Woman in Blue Reading a Letter

“Woman in Blue Reading a Letter” was painted by Vermeer in the years between 1662 and 1665.  Like the rest of the Vermeers, it is not very big and it is oil on canvas.  Nowadays, it is part of the collection of the Rijksmuseum in Amsterdam.  Actually, it was the first of the Vermeer paintings that the museum acquired back in 1885.

“Woman in Blue Reading a Letter”, besides, is the only one of this artist’s paintings that is framed entirely against the rear wall of the room.  Unlike others that are framed against the left and back walls of the room, this one only presents a single wall highlighting the sensation of a moment suspended in time.  However, it also enhances the capacity of the painting to accomplish itself as a world- establishing depth, gravity and a sense of time and space regardless to the room’s physical coordinates.  In it, we can observe a woman standing next to a table, dressed in a blue garment, and reading something that looks like a letter.

The interior that Vermeer shows us, moreover, is full of very important element.  The following ones would be the most relevant ones:

First of all, we find the woman.  This young lady has been identified to be the artist’s wife Catharina Bolnes, although there is no objective and official support for that.  Nonetheless, at Vermeer’s time it was usual to employ family members to model for artists as a means of saving money.  Besides, they thought that it was easier to work with relatives since it reduced tensions and the artist could exactly tell them which pose to keep for very long hours.

Probably the most important element of this particular painting is the blue garment that the lady is wearing.  According to the clothes expert Marieke Van Winkel, this garment is called a beddejak and it is a garment with straight sleeves, usually blue or white satin, which was closed in the front with a row of bows.  It was used as bed cloth and due to the expensive material that was made of, only rich people could afford it.  It was not usual for Dutch painters to depict this garment is their paintings.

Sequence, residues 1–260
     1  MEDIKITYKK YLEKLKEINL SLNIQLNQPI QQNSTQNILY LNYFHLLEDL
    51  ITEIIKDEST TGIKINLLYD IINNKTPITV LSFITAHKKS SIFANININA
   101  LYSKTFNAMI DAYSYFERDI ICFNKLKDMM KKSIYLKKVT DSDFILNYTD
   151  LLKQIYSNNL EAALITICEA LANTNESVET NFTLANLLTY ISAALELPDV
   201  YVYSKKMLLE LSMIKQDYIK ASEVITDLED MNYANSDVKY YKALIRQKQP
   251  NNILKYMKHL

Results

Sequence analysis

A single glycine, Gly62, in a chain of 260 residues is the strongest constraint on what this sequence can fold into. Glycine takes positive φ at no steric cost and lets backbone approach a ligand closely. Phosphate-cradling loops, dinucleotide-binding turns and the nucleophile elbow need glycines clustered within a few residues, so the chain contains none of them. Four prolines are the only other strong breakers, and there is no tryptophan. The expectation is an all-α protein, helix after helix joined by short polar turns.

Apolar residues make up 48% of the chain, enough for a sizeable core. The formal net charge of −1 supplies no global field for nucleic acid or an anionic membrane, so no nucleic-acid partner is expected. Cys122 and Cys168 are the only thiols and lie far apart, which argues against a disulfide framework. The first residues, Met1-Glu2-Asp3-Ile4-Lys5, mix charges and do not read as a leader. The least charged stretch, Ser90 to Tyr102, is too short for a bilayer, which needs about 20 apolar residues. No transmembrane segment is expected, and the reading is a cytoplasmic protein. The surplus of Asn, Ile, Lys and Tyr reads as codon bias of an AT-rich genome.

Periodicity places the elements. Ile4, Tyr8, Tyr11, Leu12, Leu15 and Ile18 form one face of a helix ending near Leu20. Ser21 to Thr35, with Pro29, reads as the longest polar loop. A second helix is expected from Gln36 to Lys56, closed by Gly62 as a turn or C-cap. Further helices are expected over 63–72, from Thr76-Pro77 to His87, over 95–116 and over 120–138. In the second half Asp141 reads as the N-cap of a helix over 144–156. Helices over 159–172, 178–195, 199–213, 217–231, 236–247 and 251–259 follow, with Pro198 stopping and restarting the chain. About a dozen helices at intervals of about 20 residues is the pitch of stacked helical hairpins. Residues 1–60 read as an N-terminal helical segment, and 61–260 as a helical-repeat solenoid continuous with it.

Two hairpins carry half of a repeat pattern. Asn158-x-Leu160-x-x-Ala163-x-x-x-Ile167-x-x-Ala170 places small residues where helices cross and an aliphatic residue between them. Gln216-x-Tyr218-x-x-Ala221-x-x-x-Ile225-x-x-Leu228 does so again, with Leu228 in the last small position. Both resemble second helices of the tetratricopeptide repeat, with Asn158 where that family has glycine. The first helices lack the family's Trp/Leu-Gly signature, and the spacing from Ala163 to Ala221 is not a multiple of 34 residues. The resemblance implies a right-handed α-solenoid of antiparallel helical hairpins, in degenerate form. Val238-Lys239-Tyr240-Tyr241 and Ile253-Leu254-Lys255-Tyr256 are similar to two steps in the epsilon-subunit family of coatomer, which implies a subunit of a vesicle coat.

So, we can conclude that the lady in the painting has just woken up from bed and she’s reading the letter in the morning light.  In addition, the color blue (more exactly ultramarine blue) of the garment that predominates in the painting, has been associated with sadness and melancholy.  So, probably, the woman is reading a sad letter. 

Regarding to the possible pregnancy of the woman, most experts agree that it was probably not the case.  First of all, because it was not common to portray pregnant women in Dutch art and besides, because the fashion of the time led to that kind of error since it encouraged the bulky silhouette. 

Chairs appear in many Vermeers too.  The chairs in this painting are Spanish chairs.  Its basic model developed in Spain by the 15th century and it soon spread to all over Europe.  They were considered very valuable and not everybody could afford them.  In this case, they only show high social rank. 

Maps are also very recurrent in Vermeer’s work.  The one that we find in this particular one is the map of Holland and Friesland that was designed by Balthasar Florisz van Berkenrode in 1620.  We can find the same exact map in “Officer and Laughing Girl”.  Nowadays, it we want to see the only surviving sample of this map we must go to the Westfries Museum in Hoorn. 

Moreover, there is a piece of dark clothe that we find in the left low side of the painting.  This gives darkness to the whole painting.  It is composed by a blue tablecloth and a scarf like piece.

 

Finally, we have the letter the woman is reading.  In Dutch art, depictions of women reading letters were usually connected to love.  In this case, the artist may wanted to show that the letter has arrived unexpectedly since the woman ahs been interrupted from her morning toilet to stop and read it.  If we take the already mentioned elements we can also think that probably her husband is a man that travels a lot (the map) so she writes to her often to tell her about her life outside home. 

On the table there is also another page that could either be the first part or the second part of the letter.  At that time, letters were usually not put in envelopes but folded in three and sealed with wax. 

Other paintings of Vermeer that include letters are:

–          Girl reading a letter at an open window

–          Lady writing a letter with her maid

–          A lady writing

–          Lady with her maidservant holding a letter